The annual Guthman Musical Instrument Competition in Atlanta, Georgia, is a unique instrument competition that aims to showcase the latest innovations from the frontiers of music and technology.
In this year’s competition, Dániel Váczi competed with his instrument Glissotar, which he and Tóbiás Terebessy have been developing together for seven years. Glissotar reached the semi-finals in October and then the top 10 in December.
The finalists were invited to Atlanta, where they had to present their instruments in front of a three-member professional jury, and then duet with an Atlanta musician in a public concert, where Dániel Váczi performed with outstanding clarinetist Ted Gurch.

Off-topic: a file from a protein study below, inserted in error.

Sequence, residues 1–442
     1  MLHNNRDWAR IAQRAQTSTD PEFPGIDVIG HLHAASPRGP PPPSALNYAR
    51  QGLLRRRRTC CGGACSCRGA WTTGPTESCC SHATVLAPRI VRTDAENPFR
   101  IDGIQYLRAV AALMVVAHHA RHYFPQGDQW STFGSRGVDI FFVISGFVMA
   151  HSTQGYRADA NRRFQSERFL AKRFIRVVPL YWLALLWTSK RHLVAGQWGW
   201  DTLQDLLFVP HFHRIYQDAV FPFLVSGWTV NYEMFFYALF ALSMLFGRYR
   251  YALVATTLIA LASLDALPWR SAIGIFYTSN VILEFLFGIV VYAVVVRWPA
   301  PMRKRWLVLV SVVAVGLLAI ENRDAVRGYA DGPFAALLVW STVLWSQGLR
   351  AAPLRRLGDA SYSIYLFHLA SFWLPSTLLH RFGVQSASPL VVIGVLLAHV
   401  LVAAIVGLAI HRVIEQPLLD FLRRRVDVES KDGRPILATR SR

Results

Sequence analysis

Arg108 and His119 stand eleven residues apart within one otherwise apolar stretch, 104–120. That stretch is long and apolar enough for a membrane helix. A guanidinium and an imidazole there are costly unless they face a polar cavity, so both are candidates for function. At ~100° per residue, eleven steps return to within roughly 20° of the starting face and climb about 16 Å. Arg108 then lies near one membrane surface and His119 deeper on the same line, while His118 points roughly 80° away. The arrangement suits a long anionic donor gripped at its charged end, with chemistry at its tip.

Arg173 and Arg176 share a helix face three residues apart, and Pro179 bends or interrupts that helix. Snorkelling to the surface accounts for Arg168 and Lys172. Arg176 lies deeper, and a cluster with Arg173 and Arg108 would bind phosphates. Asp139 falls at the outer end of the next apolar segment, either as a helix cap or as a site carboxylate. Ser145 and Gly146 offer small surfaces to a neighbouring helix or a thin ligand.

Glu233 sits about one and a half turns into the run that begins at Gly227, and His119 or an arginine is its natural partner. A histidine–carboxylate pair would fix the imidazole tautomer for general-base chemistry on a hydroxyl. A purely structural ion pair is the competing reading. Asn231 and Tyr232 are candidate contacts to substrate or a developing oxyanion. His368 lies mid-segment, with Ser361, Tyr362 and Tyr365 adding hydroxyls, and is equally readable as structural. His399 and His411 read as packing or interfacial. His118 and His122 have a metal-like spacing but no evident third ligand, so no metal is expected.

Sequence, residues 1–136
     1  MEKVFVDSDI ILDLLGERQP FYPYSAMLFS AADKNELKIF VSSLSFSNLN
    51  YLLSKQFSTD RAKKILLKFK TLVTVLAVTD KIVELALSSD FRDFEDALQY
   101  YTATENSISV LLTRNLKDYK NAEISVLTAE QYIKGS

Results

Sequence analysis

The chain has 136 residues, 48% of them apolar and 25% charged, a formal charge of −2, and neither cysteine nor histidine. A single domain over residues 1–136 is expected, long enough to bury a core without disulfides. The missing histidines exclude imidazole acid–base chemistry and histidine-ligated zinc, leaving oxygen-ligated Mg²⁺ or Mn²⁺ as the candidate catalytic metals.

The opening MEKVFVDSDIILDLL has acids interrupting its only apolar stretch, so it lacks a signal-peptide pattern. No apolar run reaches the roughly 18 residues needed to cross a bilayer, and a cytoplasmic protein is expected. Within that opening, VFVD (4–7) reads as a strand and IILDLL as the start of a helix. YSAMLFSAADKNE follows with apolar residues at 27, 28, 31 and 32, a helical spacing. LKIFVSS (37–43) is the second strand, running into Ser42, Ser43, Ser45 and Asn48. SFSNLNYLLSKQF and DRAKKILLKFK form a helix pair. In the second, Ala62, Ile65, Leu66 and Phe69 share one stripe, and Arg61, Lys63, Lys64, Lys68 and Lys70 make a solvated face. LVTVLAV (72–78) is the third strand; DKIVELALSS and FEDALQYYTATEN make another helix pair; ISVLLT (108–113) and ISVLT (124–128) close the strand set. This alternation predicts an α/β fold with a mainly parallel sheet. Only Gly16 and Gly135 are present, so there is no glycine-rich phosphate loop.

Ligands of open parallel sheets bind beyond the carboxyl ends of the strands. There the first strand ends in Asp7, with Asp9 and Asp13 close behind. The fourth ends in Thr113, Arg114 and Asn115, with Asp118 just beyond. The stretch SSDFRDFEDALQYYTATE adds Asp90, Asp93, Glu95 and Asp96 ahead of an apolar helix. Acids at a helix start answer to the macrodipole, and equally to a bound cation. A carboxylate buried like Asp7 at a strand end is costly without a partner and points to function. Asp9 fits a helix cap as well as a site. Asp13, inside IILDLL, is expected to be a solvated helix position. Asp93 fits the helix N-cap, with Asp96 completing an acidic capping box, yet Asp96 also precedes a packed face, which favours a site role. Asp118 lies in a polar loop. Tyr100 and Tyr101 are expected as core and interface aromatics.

At the end of the concert, the results were announced: Glissotar won first place and the People’s Choice Award as well. The new feature of the Glissonic range of wind instruments is that instead of the usual sound holes, a longitudinal gap or slot runs along the body of the instrument, above which a ribbon is fixed. The two sides of the slot are covered with magnetic foil. If you hold the “string” down somewhere, the pipe is airtight up to that point.
This allows the musician to play any note in the entire range, even sliding between notes (glissando means slide). The first, fully developed member of the Glissonic family is the Glissonic Tárogató, or Glissotar for short, which Dániel Váczi has been playing regularly for about three years.